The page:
On Our Shelves Now
Other Books in Series
This is book number 4 in the Arkady Renko series.
- #1: Gorky Park (The Arkady Renko Novels #1) (Paperback): $17.00
- #2: Polar Star: A Novel (Arkady Renko #2) (Paperback): $17.00
- #3: Red Square: A Novel (Arkady Renko #3) (Paperback): $17.00
- #5: Wolves Eat Dogs (The Arkady Renko Novels #5) (Paperback): $16.99
- #6: Stalin's Ghost: An Arkady Renko Novel (The Arkady Renko Novels #6) (Paperback): $17.99
- #7: Three Stations: An Arkady Renko Novel (The Arkady Renko Novels #7) (Paperback): $16.99
- #8: Tatiana: An Arkady Renko Novel (The Arkady Renko Novels #8) (Paperback): $17.00
- #9: The Siberian Dilemma (The Arkady Renko Novels #9) (Paperback): $17.00
When the corpse of a Russian is hauled from the oily waters of Havana Bay, Arkady Renko comes to Cuba to identify the body. Looking for the killer, he discovers a city of faded loneliness, unexpected danger, and bewildering contradictions. His investigation introduces him to a beautiful Cuban policewoman; to the rituals of Santeria; to an American fugitive and a group of ruthless mercenaries. In this place where all things Russian are despised, where Hemingway fished and the KGB flourished, where the hint of music is always in the air, Arkady finds a trail of deceit that reaches halfway around the world–and a reason to relish his own life again.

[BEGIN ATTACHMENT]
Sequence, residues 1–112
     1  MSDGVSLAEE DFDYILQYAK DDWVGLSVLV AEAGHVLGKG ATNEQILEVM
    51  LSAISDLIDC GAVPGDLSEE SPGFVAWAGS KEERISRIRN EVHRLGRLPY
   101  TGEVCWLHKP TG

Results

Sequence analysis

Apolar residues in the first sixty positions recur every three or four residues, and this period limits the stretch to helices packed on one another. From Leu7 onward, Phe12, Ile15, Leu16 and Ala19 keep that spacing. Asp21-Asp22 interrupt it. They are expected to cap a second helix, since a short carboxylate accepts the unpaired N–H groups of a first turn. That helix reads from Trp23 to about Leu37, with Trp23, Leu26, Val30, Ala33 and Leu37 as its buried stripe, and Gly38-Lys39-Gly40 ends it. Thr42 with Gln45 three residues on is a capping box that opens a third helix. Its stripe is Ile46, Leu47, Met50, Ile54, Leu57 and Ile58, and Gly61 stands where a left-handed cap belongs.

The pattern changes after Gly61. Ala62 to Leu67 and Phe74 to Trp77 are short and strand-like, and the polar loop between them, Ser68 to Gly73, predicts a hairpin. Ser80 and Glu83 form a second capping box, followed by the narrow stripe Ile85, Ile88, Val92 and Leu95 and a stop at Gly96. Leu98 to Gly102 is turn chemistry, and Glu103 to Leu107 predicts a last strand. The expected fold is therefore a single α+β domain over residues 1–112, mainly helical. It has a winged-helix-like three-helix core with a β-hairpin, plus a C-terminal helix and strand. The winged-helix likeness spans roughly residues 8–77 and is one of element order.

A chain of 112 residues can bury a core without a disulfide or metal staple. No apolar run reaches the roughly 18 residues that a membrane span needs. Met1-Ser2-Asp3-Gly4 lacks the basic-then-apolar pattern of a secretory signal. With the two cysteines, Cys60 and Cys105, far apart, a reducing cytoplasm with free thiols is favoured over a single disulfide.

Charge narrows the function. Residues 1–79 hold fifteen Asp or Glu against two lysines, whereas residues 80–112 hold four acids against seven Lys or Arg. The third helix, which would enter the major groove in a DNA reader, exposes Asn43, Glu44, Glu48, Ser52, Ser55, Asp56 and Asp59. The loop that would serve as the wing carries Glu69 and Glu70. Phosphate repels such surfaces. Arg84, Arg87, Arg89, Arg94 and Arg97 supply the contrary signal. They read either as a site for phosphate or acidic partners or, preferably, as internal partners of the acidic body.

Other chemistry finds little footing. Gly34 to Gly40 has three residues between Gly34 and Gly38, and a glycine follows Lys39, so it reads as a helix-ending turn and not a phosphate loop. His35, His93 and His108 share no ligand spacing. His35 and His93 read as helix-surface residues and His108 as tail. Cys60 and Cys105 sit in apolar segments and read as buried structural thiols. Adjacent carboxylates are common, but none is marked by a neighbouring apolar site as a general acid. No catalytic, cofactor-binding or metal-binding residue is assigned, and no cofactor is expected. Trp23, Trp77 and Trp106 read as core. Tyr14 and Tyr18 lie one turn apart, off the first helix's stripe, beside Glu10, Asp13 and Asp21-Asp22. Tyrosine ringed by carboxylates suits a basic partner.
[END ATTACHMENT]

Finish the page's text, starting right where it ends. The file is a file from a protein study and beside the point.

About the Author
Martin Cruz Smith is the author of Gorky Park, as well as Stallion Gate, Polar Star, and Rose, among other novels. He lives in California with his wife and three children.
“IRRESISTIBLE . . . THE PLOT HAS PLENTY OF TWISTS. . . . THE CLIMAX IS WONDERFULLY PACED . . . SIZZLE[S] WITH AN AUTHENTICITY THAT IS RARE INDEED.”
“RIPE WITH THE RHYTHMS AND TROPICAL HEAT OF MODERN-DAY CUBA . . . Another fine entry in an enjoyable series of spy novels . . . The year’s steamiest read.”
–The Wall Street Journal
“A SUPERBLY WRITTEN THRILLER . . . Smith’s best Arkady Renko novel since Gorky Park . . . Smith, like his peers, John le Carré and Walter Mosley, writes novels that transcend any genre.”
–The Denver Post